RD: The toughest aspect of loss in combat is the insane amount of “what if?” scenarios that present themselves to you after that occurrence.  I’ve learned that you can ask “what if?” in almost every scenario in life when you mess up or something goes wrong, and that doesn’t actually fix anything.  It’s okay to use that moment as a possible learning tool, but sometimes there’s just nothing you can do.  It’s the wrong question to ask.  The major thing isn’t “what if?” or maybe what you could’ve done.  What happened is just another occurrence and a direct reflection of warfare and combat.  I don’t dwell on who’s here and who’s not anymore.  I try to keep tabs on those who are still here.  Some of my brothers are struggling right now and I can’t do anything about those already gone.  I can help those who are still here by lending an ear or offering assistance.   I try to keep a list of my bros and reach out to them whenever possible.  I will always remember those we lost in combat but I don’t dwell on the “what if?” at all.  

Talk about PTSD (Professional Transformation and Sports Development) and the purpose of your organization?

RD: One of my best friends, who joined the military around the same time I did, took his own life and that really was the catalyst that had me looking for a way to give back.  I knew I needed to do something much bigger with my life.  I was searching for that adrenaline rush that I had in combat in all the wrong places through drinking and getting into brawls.  Professional Transformation and Sports Development is my peace in life now.  We bring veterans out for a two-week introductory course in either kayaking, mountain biking, rock climbing, skiing, or snowboarding.  The whole purpose is to let veterans find their path through escape.  That’s the great thing about adventure sports.  We fly them out to Pocatello, set them up with accommodations, and show them a new skillset over those two weeks that will absolutely, unequivocally change their lives.   

How would you want people to look back on your legacy?

RD: I think the major thing you could take from my life, is that I pointed it in a direction that was unique.  Building a legacy or establishing an empire was not my goal in life.  My own personal happiness was my greatest goal.  You can’t really listen to any one person in coping with life’s issues and fixing your own internal problems.  Only you truly know you.  You have to take what you’ve gone through and approach the issue in your own way knowing yourself.  I lost myself in the moment every time and I came back with new purpose through the outdoors.  We all exist in this world and it’s easy to get caught up in the materialism of this planet.  It’s really not all that relevant and it really doesn’t create happiness.  You can build an empire your whole life and then turn around one day and realize your own personal happiness was never realized.  Your passion needs to be your goal.  People need to embrace “the now” and live life doing things that make them most happy.  Enjoy every day because yesterday is gone and tomorrow definitely isn’t a guarantee.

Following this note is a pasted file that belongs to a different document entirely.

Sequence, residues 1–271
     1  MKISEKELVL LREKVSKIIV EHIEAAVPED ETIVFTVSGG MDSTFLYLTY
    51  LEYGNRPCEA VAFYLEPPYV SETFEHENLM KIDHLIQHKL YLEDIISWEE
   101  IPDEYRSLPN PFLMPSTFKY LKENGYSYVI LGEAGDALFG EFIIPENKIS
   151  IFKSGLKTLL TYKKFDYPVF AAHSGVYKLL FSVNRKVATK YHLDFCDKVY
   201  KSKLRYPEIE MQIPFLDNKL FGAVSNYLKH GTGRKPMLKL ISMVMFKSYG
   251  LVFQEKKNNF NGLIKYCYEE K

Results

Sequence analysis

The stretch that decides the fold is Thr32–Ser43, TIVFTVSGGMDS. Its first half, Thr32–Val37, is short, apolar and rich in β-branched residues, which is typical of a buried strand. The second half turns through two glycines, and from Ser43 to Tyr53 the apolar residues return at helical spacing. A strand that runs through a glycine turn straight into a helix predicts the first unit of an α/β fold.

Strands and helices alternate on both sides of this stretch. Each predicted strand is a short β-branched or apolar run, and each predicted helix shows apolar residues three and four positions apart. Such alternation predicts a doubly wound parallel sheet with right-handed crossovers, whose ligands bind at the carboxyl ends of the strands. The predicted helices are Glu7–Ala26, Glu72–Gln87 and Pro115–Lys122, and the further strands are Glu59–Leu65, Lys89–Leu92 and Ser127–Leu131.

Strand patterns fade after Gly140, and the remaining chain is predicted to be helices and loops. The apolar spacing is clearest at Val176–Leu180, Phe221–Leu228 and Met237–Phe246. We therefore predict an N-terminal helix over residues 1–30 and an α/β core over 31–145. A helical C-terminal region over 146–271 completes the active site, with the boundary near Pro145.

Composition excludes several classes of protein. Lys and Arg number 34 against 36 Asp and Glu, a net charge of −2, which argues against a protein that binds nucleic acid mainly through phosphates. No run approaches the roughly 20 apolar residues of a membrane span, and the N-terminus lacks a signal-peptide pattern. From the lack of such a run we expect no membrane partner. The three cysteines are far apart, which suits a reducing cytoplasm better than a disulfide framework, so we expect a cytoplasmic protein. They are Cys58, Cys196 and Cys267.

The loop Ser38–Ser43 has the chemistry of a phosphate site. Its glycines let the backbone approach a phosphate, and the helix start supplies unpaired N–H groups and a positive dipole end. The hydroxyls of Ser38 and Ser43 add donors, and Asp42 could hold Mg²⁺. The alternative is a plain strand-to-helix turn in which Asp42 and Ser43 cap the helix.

The human individual is always completely unique and that's the greater goal of the project; to expose that individuality.  There is no one type of person that makes the perfect soldier or infantryman, but it would be easy to imagine if you were looking for the type of soldier that you knew would perform at the highest level, you'd look at a man like Russell.  His courage could never be questioned in the slightest and his resolve was formed and founded in his earliest days on the white waters of Idaho's most savage landscape.  That resolve was only strengthened as he fought against a treacherous enemy in some of the most dangerous places in the world. 

Russell is a perfect picture of Secretary of Defense Mattis' quote about post-traumatic growth.  Mattis said, "There is also something called post-traumatic growth where you come out of a situation like that (combat) and you actually feel kinder toward your fellow man and fellow woman."  His experiences overseas acted as a catalyst for compassion and helped fuel an already burning love in his heart for his fellow veterans.  This compassion has surfaced as a foundation for his non-profit which will almost certainly help other veterans realize their purpose, much like it did for Sergeant Davies.

To learn more about Professional Transformation and Sports Development check out, Instagram: @ptsdveteranathletes, Facebook: PTSD Veteran Athletes.  You can check out Russ and keep up with all his adventures on Instagram: @russ_dav.  


Tim K